Don’t Forget Blogging – Even Though Everyone Else Seems to Have


Rejected, forgotten and unloved.

At times blogging seems so… yesterday (Not unlike those photographs of your high school prom when you were wearing a baby-blue tuxedo, a navy-blue cumber bun and a bow-tie the size of an airplane propeller).

Wasn’t it yesterday that Technorati was tracking more than 133 million blogs – with thousands literally being created daily?  Now most people have never heard of Technorati and blogging seems about as popular as an Arnold Schwarzenegger film festival.

How unpopular?  A recent survey by AOL and Nielsen Online found that the primary way that U.S. Internet users shared content on online was by email (66%) and social networks (28%).  Only a paltry 1% of those surveyed shared using a personal blog – tied in last place with message boards.

Definitely, not a good sign.

As recently as February, the New York Times declared that blogging is dead, especially with young people who were flocking to Twitter and Facebook.  Although to be fair the “blogging is dead” meme has been around since at least 2006, so maybe we shouldn’t be surprised when it rises from the dead and shuffles around like the zombies in “Walking Dead.”

With the all the focus on social networks, marketers can be forgiven for forgetting that blogging remains a powerful source for influencing consumers and establishing thought leadership.  Blogging remains effective.  Very effective.

In the dizzying age of 140-characters and instant status updates, blogging has become the long-form communications format of the Web.  It is the best way to communicate details, nuance and complexity.  Things that are impossible to do on the concise and constraining formats of Twitter and Facebook.  You can explain things in a blog post.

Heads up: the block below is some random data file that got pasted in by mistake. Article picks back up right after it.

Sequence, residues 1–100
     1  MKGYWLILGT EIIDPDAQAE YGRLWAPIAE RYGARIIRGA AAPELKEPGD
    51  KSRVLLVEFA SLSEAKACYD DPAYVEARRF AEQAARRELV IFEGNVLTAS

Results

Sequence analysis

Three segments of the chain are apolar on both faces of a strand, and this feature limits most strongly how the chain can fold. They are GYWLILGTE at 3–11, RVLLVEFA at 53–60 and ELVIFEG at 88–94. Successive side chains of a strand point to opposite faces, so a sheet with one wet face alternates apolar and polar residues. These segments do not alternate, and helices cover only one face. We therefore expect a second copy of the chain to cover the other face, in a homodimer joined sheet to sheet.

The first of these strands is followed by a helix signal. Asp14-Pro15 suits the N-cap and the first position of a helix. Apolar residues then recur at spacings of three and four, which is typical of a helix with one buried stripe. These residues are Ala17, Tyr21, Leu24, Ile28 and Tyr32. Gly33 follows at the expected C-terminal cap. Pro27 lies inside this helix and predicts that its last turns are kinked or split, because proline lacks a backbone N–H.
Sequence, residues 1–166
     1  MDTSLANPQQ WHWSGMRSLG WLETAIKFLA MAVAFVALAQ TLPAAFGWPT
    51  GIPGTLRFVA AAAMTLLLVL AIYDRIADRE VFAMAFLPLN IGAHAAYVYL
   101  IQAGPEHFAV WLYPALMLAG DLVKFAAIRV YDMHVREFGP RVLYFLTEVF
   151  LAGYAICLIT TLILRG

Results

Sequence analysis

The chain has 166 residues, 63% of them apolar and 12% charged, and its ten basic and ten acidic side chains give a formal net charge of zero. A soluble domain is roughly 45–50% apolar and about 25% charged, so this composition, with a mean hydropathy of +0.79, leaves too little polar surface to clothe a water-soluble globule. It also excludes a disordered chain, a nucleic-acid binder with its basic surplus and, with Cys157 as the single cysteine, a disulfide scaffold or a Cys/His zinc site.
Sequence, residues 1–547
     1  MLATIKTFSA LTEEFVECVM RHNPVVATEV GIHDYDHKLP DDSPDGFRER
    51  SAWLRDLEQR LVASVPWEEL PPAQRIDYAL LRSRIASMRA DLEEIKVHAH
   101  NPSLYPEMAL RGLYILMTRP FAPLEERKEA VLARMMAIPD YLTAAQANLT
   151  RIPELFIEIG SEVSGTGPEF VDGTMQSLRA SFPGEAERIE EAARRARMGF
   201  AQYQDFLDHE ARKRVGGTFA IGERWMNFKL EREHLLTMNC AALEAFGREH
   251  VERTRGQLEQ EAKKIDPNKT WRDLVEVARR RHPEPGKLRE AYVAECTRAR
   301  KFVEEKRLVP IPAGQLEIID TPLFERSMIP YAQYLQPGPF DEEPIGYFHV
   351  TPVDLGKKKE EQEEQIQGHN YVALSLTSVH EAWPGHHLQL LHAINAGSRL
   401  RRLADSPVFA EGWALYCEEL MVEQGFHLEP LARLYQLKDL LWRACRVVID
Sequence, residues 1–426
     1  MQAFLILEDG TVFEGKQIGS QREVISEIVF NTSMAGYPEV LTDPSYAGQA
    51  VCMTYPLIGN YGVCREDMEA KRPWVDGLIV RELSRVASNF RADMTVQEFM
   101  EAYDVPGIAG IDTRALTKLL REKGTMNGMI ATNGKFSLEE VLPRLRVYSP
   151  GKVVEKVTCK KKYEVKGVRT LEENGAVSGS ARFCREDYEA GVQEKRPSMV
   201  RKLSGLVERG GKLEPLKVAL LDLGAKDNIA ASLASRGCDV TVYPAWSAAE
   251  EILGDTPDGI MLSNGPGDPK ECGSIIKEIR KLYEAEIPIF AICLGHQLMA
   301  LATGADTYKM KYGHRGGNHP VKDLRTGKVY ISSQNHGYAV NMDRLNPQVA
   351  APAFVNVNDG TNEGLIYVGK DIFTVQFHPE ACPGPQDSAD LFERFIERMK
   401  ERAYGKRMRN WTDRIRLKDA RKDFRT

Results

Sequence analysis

Writing a blog post is just that – writing.  Putting coherent thoughts together to present an idea or a concept.  Writing isn’t really required for a tweet (and neither, as far as I can tell, is spelling, grammar or punctuation).

A blog is also an excellent format for presenting multimedia content.  Videos and photographs are natural companions of blog posts.

And despite the gloom and apathy about blogging there is more good news about it.  Thirty-nine percent of U.S. companies blog for marketing purposes (and that number is expected to grow to 43% in 2012), according to a recent survey by eMarketer.

The same report noted that 63% of U.S. marketers used blogging as part of their online marketing strategies.  And according to the report:

“Blogging is becoming fully incorporated into the news media and companies’ marketing efforts. Companies are finding it more important than ever to have a voice outside their conventional marketing and communications channels, and blogging remains a compelling option.”

The 2011 State of Inbound Marketing report by HubSpot concluded that blogging was becoming even more important to businesses than ever.  The report stated:

“More and more business are blogging: Businesses are now in the minority if they do not blog. From 2009 to 2011 the percentage of businesses with a blog grew from 48% to 65%.  Businesses are increasingly aware their blog is highly valuable: 85% of businesses rated their company blogs as “useful,” “important” or “critical;” a whopping 27% rated their
company blog as “critical” to their business.”

So while blogging may have been overshadowed by social networking – it holds real value, especially for businesses.  So don’t forget about blogging.  It’s still important – even crucial to a strong online business strategy.

What are your thoughts about blogging?  Have you given it up?  Or are you still finding it valuable?

Links:

AOL survey “Content is the Fuel of the Social Web”

New York Times article “Blogs Wane as the Young Drift to Sites Like Twitter”

eMarketer on blogging

HubSpot’s 2011 State of Inbound Marketing Report

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